The Hidden iPhone Settings That Give You Power User Control Over All Your Apps « iOS & iPhone :: Gadget Hacks

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It’s not an easy task when it comes to customizing apps on your iPhone. Sure, you can build automations in Shortcuts to add color-related filters, enable Live Captions, or play a background sound specific to each app, but it can be too much work. If you don’t mind that, go ahead, but there are also some easier per-app settings hiding on your iPhone that are much easier to assign.

These hidden per-app settings will let you assign specific text sizes, bold fonts, button shapes, and other valuable features to any app on your device. That may not sound like much, but text size is one of the most common adjustments iOS users make when they go from app to app since you can change it for the current app or the entire system from the easy-access Control Center.

But you don’t need to do that manually each time. Instead, look to your iPhone’s accessibility options. These options let you customize visual elements for all the apps on your iPhone, even your Home Screen, which also includes some aspects of your Lock Screen and system-wide status bar, and Live Captions.

To get started, ensure you’re running iOS 15 or later. Sadly, Apple’s latest operating system, iOS 16, doesn’t introduce any new per-app options. Maybe iOS 17 will!

Add Apps to Your Per-App Settings

Navigate to Settings –> Accessibility –> Per-App Settings. Then, tap “Add App” to open the app picker. Find the app you want, then tap it, which will return you to the Per-App Settings menu. You can only add one app at a time. So if you’re going to tweak multiple apps, you can add them all now or one by one as needed.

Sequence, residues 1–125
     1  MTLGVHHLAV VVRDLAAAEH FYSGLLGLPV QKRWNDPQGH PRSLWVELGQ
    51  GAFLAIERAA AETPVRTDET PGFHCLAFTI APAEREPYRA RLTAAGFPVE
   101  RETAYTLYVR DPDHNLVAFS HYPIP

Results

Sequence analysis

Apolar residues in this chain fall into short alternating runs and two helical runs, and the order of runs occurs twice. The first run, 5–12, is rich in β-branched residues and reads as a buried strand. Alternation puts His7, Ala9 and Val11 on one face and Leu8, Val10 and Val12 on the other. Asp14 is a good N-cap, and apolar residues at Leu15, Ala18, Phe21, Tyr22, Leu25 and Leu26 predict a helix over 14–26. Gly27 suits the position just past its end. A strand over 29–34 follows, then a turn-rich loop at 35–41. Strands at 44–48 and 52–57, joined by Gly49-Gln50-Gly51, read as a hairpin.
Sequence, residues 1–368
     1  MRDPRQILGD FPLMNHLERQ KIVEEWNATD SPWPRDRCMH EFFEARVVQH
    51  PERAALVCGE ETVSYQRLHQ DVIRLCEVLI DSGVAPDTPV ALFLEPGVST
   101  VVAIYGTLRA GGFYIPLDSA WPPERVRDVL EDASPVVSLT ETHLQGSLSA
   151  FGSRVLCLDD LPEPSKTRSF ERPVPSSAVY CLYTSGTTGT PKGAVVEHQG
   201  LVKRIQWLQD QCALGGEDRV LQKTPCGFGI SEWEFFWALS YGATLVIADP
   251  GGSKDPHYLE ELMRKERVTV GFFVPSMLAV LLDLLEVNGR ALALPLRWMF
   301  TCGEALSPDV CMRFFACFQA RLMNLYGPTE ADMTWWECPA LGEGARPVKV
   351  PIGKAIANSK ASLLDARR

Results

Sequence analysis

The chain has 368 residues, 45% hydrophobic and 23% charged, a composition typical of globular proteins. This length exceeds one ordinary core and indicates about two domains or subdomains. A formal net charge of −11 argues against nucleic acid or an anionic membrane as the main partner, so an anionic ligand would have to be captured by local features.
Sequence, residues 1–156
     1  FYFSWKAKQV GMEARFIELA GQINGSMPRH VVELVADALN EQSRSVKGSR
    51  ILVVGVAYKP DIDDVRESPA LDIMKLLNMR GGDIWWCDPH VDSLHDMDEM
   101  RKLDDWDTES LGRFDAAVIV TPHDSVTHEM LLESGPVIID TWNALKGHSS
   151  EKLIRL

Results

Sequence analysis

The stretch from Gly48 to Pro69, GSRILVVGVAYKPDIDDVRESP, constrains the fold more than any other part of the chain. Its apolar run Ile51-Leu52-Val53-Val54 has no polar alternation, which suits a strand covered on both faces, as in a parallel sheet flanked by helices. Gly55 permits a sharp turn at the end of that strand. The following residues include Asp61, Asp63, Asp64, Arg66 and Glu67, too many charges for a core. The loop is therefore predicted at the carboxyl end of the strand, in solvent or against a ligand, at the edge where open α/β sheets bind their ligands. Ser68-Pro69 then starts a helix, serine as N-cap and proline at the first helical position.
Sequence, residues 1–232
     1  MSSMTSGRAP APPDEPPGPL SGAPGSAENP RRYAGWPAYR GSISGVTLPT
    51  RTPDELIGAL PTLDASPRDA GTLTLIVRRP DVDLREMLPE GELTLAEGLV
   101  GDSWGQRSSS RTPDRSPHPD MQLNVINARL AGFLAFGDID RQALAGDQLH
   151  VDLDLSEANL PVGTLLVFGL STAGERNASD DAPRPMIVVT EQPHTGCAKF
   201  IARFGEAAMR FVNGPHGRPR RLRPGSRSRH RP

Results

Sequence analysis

Pretty much every app on your iPhone can be customized. You won’t find hidden apps like Print Center, Code Scanner, Diagnostics, Field Test, or Apple TV Remote listed, but you will see Home Screen, Live Captions, Magnifier, and Siri, along with most of Apple’s regular apps and all your third-party apps.

Customize Each App’s Preferences

To configure an app’s settings, tap its name from the Per-App Settings list. For most apps, you can adjust the following options even if they don’t do anything in the app. Each preference will have a choice between Default, On, and Off, besides Larger Text, which provides a “Reset Font Size to Default” button and a slider to increase or decrease the text size.

  • Bold Text: When on, it bolds most text visible on the screen.
  • Larger Text: Adjusts to your preferred reading size.
  • Button Shapes: When on, it adds shapes around tappable text-only elements to make them appear more like buttons.
  • On/Off Labels: When on, it adds the universal symbols for “on” and “off” to toggle switches — a vertical line for on and a circle for off.
  • Reduce Transparency: When on, it improves contrast by reducing the transparency and blurs on some backgrounds to increase legibility.